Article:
Science Fair Project Encyclopedia
A double negative occurs when two or more ways to express negation are used in the same sentence. In some languages a double negative resolves to a negative, while in others it resolves to a positive. These are strictly grammatical rules and have nothing to do with mathematics. In particular, double negatives do not "cancel each other out". They are used in some languages and considered erroneous in others.
A famous linguist once made the further observation that it was unknown for a double positive ever to resolve to a negative. A skeptical voice came from the back of the lecture hall: "Yeah, right". This joke is due to Prof. Sidney Morgenbesser of Columbia University.
In today's standard English, double negatives are not used; for example the standard English equivalent of "I don't want nothing!" is "I don't want anything". It should, however, be noted that in standard English one cannot say "I don't want nothing!" to express the meaning "I want something!" unless there is very heavy stress on the "don't".
Although they are not used in standard English, double negatives are used in African American Vernacular English, and the London Cockney and East Anglian dialects and less frequently, but still commonly, in colloquial English. In the film Mary Poppins, Dick Van Dyke uses a double negative when he says
- If you don't want to go nowhere.
Other examples of double negatives include:
- Don't nobody go to the store.
- I can't hardly wait.
Double negative also refers to even more than two negatives, like:
- And don't nobody buy nothing.
Today, the double negative is often considered the mark of an uneducated speaker, but it used to be quite common in English, even in literature. Chaucer made extensive use of double negatives in his poetry, sometimes even using triple negatives. For example, he described the Friar in the Canterbury Tales: Ther nas no man no wher so vertuous (i.e. "there wasn't no man nowhere so virtuous"), and he even used a fourfold negative when describing the Knight: He nevere yet no vileynye ne sayde / In all his lyf unto no maner wight. Chaucer used these multiple negatives for emphasis and for metrical purposes.
Double negative form of the Golden Rule
The standard form Do unto others as you would have them do unto you has a corresponding double negative form: Do not do unto others as you would not have them do unto you which has a different psychological connotation; where the standard form is positive, implying a commandment which must or ought to be done, the double negative form is more neutral, merely suggesting a positive action, and commanding only that one refrain from other actions whose results one would not prefer oneself.
Double negative form of agreement
The standard form I agree has a corresponding double negative form: I don't disagree, which entails a similar psychological connotation as that for the double negative Golden Rule; where the standard form implies I will, the double negative form does not imply I will, but rather that you can, and I will not interfere.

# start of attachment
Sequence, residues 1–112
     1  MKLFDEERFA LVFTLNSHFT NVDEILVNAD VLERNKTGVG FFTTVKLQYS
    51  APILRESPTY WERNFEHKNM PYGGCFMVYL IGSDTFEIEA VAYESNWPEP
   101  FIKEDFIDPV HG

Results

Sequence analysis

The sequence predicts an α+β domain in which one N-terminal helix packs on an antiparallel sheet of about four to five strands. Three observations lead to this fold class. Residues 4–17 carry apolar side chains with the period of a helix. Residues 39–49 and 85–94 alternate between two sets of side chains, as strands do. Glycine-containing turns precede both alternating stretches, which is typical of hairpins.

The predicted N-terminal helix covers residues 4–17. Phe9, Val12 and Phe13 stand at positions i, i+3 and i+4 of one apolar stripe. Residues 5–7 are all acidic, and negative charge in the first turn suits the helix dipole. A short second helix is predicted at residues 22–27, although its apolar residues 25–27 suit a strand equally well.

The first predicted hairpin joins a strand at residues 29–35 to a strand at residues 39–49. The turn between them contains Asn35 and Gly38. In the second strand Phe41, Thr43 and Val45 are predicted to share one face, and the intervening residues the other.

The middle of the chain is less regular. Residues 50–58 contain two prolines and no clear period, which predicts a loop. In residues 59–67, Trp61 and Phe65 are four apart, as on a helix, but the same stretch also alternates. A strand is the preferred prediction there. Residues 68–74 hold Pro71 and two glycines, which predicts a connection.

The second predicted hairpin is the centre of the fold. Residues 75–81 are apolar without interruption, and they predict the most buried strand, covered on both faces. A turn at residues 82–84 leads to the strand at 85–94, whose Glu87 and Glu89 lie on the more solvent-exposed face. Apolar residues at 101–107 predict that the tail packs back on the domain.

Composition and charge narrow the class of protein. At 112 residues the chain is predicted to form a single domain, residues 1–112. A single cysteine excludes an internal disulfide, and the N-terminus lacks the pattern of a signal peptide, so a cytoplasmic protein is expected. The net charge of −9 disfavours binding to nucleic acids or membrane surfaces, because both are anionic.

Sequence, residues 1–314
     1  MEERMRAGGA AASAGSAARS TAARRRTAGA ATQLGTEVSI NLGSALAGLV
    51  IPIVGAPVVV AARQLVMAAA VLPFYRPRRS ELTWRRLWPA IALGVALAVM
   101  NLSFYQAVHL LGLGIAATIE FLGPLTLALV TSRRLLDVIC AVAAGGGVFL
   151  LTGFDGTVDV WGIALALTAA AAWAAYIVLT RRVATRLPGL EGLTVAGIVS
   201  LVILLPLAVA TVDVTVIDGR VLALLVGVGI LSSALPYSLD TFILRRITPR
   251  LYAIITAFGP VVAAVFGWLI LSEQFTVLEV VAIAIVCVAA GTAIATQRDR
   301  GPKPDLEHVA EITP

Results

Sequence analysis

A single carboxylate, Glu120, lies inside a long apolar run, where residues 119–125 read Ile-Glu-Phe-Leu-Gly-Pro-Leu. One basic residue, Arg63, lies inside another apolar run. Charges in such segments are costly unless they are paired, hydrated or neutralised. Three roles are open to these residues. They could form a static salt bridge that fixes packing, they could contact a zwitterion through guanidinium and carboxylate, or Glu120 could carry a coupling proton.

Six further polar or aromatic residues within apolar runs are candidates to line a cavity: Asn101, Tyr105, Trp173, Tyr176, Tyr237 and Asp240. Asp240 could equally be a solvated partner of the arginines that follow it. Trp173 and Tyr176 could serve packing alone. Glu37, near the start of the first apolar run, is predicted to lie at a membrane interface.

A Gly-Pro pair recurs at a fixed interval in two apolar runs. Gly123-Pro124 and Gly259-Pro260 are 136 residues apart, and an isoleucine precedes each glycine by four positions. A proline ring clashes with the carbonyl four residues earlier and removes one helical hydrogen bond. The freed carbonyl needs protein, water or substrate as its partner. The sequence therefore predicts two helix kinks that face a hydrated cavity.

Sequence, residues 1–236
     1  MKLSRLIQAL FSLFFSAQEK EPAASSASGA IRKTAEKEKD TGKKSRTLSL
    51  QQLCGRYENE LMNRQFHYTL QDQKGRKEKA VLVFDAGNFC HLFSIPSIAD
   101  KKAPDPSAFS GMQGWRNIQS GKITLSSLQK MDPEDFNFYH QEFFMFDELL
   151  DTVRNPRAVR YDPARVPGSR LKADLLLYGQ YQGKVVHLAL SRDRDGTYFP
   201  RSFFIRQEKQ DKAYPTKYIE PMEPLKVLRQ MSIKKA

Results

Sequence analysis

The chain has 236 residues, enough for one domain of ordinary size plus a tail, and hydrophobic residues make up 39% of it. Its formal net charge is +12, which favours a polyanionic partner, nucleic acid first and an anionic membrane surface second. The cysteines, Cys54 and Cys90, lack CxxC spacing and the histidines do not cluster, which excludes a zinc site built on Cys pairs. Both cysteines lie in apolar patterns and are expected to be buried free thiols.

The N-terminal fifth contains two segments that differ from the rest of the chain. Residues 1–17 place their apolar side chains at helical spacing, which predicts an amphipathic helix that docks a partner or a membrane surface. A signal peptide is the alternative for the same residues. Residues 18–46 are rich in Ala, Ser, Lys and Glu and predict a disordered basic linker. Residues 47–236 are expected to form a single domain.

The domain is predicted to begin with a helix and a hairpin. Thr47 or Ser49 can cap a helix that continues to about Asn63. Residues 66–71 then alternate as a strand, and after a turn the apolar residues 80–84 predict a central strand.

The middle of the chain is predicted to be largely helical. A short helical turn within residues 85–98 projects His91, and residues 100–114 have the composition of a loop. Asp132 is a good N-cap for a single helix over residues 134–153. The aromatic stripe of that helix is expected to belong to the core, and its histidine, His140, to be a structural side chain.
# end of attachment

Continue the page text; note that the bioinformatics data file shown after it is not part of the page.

Triple and quadruple negatives
Eggbert Williams ' song Nobody, popularised by Johnny Cash, contains the notable chorus:
Well, I ain't never done nothing to nobody. I ain't never got nothing from nobody, no time. And, until I get something from somebody sometime, I don't intend to do nothing for nobody, no time.
This is an example of triple and quadruple negatives, used for emphasis.
Romance languages generally express negation by adding a word (ne in French, no in Spanish, non in Italian, năo in Portuguese) to the verb and zero or more words elsewhere to indicate what part of the sentence is negated. In French, unlike the others, simple negation usually requires the word pas:
- No como.
- Je ne mange pas.
- Non mangio.
This was originally the same as the word for "step" (Je ne marche pas originally meant I don't go a step) and later extended, to the point that ne is now often left out in colloquial speaking and pas serves as the only negating element.
The correlative negative words in Spanish and Italian are used only in negative sentences (e.g. ningún - a positive sentence uses algún) whereas some French negative words are the same as positive words. This sometimes leads to confusion for non-native speakers if the verb, and therefore the word ne, is omitted. For example "personne" can mean both "person" and "nobody", "plus" can mean both "more" and "no more".
In many Slavic languages, double negation is the norm.
In Russian and Serbian, a double negative is correct, while a single negative is an error in grammar. The following are literal translations of grammatically correct Serbian sentences: "No one's negligence didn't nowhere brought nothing but unhappiness." (= No one's negligence did anywhere brought anything but unhappiness), "This is uncaused by nothing" (= not caused by anything).
In Slovene, much like in many other Slavic languages, double negation is a correct form, though sometimes causing confusion as to whether the positive or the negative is meant by a given (ambiguous) sentence. For example, the English sentence 'I don't know anyone' would be translated to Ne poznam nikogar (I don't know nobody); a literal translation, Ne poznam kogarkoli, is a somewhat strange construction, but means 'I don't know just anyone' (= I know someone important or special). Peculiarly, 'Nobody knows one another' becomes 'Nihče ne pozna nikogar' (No one doesn't know no one).
However, the Church Slavonic language allows only single negation (still, many norms of Church Slavonic are artificial, as it is not a spoken language).
Example of commonly used triple negative in Czech language: Nikdo nic nevyhrál meaning Nobody won anything, translated literally as Nobody didn't won nothing.
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